The Maryland Department of Agriculture (MDA) has launched a new video series that spotlights Maryland farmers who are making a difference for our state’s natural resources and the Chesapeake Bay.
Agriculture and conservation go hand in hand by protecting Maryland’s natural resources. Farmers from several counties including Frederick, Baltimore, and Anne Arundel are making a difference and are spotlighted in MDA’s new video series.
“Our new video series invites viewers to the farm to learn firsthand about conservation projects—both large and small—that Maryland farmers have installed to restore natural resources and make daily farm chores easier,” said Secretary Joe Bartenfelder. “Whether you’re a farmer with a conservation project in mind or someone who is curious about how farmers grow our food, there’s something for everyone in this series of short videos.”
According to an MDA press release:
‘Maryland Farmers: Partners in Conservation’ showcases local farmers and the conservation projects they have installed to manage manure, safeguard local streams, build healthy soils, and protect the natural resources that we all depend on. You can watch the series on the MDA website or visit the department’s YouTube channel.
There are currently three videos available for viewing with several new videos under construction. Here’s a rundown on the videos now available for viewing:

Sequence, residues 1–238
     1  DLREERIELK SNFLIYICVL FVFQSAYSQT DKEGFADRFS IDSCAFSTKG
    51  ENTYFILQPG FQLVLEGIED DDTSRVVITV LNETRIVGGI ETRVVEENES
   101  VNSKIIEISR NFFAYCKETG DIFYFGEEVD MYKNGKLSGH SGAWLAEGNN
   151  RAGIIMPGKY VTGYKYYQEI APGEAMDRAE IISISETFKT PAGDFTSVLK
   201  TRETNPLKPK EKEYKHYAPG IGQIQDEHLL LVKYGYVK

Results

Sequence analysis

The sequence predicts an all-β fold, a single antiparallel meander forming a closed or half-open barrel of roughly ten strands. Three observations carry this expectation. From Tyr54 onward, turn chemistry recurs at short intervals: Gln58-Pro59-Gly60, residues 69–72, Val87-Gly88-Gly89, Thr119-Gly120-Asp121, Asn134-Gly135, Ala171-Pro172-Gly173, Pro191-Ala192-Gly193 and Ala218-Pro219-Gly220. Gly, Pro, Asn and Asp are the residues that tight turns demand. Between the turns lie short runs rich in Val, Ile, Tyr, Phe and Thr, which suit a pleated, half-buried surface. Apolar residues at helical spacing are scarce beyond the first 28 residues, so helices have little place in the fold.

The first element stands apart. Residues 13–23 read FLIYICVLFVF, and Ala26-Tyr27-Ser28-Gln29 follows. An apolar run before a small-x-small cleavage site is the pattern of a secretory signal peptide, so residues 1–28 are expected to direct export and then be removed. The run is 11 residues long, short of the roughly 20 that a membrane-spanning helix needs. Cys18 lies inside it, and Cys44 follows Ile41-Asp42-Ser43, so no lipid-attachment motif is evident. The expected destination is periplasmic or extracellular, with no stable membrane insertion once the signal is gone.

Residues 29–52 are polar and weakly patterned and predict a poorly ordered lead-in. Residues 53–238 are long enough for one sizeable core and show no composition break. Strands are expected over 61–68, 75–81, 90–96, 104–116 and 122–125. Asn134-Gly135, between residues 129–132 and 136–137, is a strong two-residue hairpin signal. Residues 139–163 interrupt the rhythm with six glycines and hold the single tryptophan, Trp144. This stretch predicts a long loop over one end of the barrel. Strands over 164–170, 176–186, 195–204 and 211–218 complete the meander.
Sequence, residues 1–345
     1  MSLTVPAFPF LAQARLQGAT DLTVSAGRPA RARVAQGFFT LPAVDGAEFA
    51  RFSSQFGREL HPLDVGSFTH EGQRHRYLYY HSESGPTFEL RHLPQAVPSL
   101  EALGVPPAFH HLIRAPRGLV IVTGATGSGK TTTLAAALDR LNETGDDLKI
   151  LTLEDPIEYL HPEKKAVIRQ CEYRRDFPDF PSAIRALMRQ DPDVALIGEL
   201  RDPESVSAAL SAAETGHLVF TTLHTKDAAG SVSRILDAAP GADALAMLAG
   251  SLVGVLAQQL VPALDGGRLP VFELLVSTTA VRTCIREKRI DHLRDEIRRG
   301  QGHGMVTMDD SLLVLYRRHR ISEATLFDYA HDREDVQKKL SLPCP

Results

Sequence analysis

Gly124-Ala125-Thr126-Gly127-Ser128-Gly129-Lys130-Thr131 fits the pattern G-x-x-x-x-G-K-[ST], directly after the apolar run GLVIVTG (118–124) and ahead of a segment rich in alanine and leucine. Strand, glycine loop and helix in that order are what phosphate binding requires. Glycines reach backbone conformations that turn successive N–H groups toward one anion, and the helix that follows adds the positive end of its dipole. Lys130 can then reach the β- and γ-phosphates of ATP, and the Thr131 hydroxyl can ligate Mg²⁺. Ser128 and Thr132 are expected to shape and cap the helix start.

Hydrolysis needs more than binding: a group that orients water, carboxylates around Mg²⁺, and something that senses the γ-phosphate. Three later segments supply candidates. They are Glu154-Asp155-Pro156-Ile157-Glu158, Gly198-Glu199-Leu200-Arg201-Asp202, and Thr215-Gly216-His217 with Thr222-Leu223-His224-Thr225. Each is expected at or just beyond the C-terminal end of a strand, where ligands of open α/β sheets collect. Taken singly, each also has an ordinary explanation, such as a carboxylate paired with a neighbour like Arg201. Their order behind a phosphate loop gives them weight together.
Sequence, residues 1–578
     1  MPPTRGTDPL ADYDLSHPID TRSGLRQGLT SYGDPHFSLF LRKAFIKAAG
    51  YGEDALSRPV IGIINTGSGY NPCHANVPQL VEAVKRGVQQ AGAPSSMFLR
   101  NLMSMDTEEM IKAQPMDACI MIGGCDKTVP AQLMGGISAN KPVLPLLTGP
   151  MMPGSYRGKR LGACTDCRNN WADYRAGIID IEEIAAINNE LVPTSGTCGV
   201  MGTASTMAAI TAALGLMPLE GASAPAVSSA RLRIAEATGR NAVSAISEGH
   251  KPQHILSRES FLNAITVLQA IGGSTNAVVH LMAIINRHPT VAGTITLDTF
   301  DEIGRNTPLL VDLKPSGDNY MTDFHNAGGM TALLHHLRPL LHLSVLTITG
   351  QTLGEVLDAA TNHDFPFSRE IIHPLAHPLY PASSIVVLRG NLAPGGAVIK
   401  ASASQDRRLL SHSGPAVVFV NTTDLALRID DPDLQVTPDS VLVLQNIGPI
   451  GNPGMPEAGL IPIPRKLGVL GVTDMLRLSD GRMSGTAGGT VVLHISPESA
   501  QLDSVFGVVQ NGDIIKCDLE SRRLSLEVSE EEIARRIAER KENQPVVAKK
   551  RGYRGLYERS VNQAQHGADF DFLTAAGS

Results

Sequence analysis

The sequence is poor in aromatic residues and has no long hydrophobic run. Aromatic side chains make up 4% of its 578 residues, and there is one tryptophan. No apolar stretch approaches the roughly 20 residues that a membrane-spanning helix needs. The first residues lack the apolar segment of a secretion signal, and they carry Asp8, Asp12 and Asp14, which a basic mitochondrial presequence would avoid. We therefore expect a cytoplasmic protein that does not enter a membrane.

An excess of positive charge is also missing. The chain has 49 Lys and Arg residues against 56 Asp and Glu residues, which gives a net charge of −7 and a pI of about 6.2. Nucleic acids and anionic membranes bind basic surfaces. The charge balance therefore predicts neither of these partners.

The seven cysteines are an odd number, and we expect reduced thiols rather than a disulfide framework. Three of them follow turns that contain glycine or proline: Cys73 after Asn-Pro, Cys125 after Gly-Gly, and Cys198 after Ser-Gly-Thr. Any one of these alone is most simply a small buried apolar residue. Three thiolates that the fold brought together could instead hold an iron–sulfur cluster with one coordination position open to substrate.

- In the Manure Management video (3:35), you’ll meet two Frederick County livestock farmers who have installed waste storage systems on their farms to protect local streams, improve operations and make daily chores easier.
- The Stream Restoration video (4:50), features a Baltimore County beef farmer who is improving water quality.
- The Engineering and Technology video (2:34), highlights the range of free conservation services that are available to Maryland farmers who want to install best management practices to protect soil, water and living resources.
Additional videos will be posted in coming weeks. Future topics will focus on pasture management techniques to save on feed costs and improve animal health, nutrient management for greater efficiency, and the wonders of wetlands to improve water quality and wildlife.